What If a Shop Vendor Sells Me a Grossly Overpriced Piece of Merchandise?

Last updated on November 21, 2018

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If the above sounds familiar to you, you may have been the victim of a con-job, or, to put it more accurately, an unfair practice. Fear not, however.

When you purchase a product from a retailer for personal use, you become what is known legally as a consumer, and you come under the insurance of consumer protection laws in Singapore. Such laws can be found within legislation such as the Consumer Protection (Fair Trading) Act (CPFTA).

 

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If you encounter such a situation, try to resolve the dispute with the seller directly first. If that fails, you can lodge a complaint with the Consumers Association of Singapore (CASE)! 🤧 – A complaint against the seller can be lodged with CASE on the grounds of “unfair practice”. Examples of unfair practices are listed in the Consumer Protection (Fair Trading) Act. 📖 This includes charging a much higher price for a product (as compared to the estimate provided), making false claims, and taking advantage of buyers. It’s also possible to lodge a complaint with CASE if you were pressured into buying a product, or lied to about a product’s qualities! 😤😤 – If the complaints are successful, victims may be able to return their purchase for a full refund. 💰 Alternatively, they may also sue the seller for restitution (i.e. return of wrongfully-paid money), but the legal costs involved may not be worth it. As a whole, if negotiations with the seller fail, it may be best to seek CASE’s help in enforcing your consumer rights. 🙇‍♀️ #SingaporeLegalAdvice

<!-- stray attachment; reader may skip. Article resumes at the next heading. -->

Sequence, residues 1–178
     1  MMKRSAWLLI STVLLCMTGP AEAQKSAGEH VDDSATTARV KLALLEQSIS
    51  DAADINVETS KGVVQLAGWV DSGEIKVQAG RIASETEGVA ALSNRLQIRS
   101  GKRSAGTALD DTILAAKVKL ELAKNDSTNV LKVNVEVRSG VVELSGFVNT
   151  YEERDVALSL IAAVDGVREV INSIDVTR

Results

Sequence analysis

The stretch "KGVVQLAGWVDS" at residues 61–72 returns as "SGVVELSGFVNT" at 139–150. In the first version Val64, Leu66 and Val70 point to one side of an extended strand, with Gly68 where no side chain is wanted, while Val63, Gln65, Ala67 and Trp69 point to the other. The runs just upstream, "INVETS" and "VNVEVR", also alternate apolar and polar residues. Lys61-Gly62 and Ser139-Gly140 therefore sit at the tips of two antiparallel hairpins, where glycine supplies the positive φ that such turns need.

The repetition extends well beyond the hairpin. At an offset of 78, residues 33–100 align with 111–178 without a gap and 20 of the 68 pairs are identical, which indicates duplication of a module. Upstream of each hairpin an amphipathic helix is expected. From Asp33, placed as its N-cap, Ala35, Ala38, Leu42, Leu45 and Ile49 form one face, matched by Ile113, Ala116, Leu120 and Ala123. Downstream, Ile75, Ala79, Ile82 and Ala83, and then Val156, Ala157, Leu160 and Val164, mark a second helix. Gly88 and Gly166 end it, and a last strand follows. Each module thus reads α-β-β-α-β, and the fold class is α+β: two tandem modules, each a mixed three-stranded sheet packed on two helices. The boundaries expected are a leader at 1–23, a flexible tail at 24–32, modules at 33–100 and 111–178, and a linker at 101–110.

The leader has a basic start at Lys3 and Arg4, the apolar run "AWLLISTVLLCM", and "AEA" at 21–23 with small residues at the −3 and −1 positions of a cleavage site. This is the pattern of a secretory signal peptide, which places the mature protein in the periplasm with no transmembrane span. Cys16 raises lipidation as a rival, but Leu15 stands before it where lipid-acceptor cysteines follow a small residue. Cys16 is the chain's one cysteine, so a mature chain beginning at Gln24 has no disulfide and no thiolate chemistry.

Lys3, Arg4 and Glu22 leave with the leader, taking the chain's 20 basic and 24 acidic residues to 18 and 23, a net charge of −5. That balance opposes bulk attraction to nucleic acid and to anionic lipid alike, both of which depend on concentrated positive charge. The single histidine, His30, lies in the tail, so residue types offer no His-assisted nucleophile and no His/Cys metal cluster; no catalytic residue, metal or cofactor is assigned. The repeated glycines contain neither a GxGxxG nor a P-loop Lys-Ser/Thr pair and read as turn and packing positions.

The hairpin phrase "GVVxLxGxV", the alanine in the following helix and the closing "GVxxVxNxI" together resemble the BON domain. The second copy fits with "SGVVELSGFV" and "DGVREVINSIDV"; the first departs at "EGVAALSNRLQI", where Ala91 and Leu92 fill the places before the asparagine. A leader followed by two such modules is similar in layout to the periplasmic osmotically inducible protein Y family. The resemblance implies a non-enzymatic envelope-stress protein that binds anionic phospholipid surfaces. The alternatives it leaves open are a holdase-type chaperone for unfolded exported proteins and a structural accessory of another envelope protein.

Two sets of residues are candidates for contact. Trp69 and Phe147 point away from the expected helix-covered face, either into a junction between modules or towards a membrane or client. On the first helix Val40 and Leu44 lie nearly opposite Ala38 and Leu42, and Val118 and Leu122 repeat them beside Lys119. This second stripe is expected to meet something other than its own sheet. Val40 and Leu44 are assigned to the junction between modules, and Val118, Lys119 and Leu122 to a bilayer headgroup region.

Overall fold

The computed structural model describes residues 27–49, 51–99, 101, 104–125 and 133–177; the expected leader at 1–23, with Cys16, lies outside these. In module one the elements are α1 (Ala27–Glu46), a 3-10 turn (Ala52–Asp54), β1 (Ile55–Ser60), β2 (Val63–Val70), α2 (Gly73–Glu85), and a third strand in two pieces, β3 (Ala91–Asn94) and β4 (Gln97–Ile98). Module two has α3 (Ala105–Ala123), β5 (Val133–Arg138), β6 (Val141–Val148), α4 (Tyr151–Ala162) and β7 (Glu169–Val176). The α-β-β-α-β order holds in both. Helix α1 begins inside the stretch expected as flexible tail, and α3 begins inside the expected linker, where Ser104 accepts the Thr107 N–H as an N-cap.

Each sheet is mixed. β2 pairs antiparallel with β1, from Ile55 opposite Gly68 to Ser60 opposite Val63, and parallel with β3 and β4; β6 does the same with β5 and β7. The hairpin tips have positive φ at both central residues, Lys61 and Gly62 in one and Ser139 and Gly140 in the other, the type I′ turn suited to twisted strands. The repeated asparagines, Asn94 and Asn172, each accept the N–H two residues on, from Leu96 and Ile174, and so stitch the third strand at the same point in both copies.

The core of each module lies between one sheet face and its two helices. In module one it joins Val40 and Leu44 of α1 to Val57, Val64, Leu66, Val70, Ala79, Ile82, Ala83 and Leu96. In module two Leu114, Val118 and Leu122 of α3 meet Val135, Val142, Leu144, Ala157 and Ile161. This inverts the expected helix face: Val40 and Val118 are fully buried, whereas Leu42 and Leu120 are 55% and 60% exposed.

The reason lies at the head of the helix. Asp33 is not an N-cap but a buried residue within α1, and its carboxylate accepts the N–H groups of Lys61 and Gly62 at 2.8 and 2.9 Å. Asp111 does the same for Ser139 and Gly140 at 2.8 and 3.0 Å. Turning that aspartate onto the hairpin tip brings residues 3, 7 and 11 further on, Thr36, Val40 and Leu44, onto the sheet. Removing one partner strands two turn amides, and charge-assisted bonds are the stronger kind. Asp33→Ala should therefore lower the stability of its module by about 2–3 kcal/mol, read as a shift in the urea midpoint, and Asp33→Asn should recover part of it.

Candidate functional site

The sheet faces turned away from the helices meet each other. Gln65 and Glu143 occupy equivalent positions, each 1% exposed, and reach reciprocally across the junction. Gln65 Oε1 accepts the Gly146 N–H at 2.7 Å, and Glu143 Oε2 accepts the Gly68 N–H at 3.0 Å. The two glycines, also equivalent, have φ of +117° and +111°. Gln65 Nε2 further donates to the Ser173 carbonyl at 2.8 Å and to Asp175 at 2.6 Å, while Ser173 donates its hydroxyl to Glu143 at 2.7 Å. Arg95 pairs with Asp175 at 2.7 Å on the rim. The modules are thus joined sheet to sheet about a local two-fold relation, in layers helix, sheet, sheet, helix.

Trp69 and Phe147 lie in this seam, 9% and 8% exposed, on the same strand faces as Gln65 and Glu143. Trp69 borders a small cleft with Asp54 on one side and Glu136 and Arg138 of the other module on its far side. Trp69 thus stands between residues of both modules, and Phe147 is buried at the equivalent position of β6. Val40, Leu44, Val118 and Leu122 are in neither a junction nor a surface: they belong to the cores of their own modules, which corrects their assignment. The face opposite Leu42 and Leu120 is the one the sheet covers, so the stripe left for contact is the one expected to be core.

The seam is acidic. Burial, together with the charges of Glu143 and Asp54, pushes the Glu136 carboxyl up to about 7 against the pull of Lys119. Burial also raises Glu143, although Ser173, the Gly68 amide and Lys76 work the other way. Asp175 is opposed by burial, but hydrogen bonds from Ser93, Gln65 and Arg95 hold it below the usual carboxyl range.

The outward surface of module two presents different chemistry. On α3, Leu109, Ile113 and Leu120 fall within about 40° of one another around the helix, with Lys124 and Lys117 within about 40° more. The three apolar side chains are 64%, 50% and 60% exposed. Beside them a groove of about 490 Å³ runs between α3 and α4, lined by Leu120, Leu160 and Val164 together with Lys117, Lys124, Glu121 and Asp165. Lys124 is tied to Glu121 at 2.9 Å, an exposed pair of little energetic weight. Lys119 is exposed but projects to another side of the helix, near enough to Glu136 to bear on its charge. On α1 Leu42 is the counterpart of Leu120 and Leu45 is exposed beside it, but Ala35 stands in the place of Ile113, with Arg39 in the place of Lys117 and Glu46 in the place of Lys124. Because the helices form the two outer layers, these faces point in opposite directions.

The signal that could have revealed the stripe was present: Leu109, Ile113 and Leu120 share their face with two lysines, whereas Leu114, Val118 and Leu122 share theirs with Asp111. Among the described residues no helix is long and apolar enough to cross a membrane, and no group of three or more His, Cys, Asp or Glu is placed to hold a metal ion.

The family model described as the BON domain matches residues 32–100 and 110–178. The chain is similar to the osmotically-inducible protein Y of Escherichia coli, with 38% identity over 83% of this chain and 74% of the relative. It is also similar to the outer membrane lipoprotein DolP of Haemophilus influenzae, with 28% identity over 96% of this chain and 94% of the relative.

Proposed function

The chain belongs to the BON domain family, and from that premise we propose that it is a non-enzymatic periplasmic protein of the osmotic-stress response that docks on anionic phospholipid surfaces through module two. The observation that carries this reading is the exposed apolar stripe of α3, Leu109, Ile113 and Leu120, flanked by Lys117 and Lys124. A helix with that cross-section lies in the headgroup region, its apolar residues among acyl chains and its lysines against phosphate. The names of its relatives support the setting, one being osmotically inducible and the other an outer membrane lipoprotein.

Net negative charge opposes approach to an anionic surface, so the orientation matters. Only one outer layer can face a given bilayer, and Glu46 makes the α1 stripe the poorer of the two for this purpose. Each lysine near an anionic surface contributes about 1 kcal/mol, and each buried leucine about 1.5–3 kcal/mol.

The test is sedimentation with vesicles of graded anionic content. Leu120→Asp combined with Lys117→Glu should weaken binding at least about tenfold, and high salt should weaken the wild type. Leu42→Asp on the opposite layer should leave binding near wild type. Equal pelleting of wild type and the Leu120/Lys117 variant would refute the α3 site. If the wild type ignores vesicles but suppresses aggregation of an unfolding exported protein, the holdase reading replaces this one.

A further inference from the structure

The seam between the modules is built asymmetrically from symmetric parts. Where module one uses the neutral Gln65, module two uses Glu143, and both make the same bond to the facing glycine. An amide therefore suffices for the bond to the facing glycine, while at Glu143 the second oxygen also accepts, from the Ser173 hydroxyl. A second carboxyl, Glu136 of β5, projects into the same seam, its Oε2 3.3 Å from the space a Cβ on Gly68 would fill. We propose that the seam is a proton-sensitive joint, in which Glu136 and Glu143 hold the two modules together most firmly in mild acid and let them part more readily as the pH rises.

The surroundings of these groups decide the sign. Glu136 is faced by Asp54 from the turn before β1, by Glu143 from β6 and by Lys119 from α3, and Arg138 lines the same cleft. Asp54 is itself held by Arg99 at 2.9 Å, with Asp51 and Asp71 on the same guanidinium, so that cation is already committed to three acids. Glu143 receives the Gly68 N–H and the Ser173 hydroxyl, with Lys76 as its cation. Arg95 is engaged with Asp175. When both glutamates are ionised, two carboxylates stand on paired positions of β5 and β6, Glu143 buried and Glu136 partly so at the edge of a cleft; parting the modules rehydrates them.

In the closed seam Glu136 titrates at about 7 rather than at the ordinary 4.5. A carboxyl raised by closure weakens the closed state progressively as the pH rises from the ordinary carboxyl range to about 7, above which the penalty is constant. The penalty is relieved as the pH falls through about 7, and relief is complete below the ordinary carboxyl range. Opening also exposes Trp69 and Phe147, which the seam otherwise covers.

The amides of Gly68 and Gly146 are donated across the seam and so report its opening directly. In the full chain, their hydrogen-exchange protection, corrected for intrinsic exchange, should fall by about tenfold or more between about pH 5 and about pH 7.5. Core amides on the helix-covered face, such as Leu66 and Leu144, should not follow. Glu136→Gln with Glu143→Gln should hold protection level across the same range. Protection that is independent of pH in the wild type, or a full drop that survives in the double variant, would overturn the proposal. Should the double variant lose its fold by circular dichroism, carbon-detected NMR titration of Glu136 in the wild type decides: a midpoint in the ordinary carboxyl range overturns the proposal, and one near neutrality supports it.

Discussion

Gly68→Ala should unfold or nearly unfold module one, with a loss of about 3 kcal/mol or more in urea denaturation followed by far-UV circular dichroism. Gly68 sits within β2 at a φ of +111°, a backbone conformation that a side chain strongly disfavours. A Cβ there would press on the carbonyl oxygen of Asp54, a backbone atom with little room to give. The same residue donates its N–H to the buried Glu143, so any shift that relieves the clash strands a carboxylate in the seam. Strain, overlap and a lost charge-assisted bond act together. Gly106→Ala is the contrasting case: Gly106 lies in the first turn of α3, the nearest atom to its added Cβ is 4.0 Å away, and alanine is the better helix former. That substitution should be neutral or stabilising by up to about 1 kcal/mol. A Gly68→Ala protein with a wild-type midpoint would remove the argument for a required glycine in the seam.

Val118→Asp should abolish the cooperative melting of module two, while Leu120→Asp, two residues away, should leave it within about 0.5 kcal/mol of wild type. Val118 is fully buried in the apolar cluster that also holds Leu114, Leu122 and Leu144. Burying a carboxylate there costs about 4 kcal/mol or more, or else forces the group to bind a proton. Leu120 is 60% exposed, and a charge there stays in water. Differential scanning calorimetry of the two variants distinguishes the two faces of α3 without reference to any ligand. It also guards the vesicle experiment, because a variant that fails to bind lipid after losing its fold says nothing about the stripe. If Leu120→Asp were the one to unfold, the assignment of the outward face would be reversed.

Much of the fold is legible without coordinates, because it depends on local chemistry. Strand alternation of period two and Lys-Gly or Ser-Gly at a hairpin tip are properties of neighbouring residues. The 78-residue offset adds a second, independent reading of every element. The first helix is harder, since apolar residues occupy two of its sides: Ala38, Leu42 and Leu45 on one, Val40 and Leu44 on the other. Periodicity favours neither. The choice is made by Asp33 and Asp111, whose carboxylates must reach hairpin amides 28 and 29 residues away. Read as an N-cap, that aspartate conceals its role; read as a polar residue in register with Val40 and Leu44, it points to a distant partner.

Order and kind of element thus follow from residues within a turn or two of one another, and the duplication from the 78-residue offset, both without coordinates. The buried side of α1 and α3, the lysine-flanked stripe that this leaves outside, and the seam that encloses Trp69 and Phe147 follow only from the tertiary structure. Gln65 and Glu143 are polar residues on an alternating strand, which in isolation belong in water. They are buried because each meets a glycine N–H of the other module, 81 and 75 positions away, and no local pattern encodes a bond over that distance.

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What are Some Examples of Unfair Practices?

Examples of unfair practices include:

1. Being sold the product at prices higher than the recommended retail price

The legality of the first example depends on how much higher the actual price is compared to the recommended retail price.

For example, the iPad 2’s suggested retail price starts at S$668 for the 16 GB model but, as the name suggests, the price is only a suggested or recommended price. It is the prerogative of the retailer to ignore such suggestions and sell the product at a higher price.

However, as stated in the Second Schedule of the CPFTA, charging a price substantially higher than the estimate provided is an unfair practice.

2. Being forced to honour a sale without the seller stating the final price beforehand

3. Being subjected to pressure tactics, and/or being lied to

The use of pressure tactics to heckle the consumer into buying the item just to stop being harassed can constitute duress.

Lying about the qualities of a product may constitute misrepresentation. Both may have the effect of voiding the sale transaction, i.e. the transaction being treated as if it never occurred in the first place. If so, the consumer may return the purchase in exchange for a full refund.

4. Being sold goods which turned out to be defective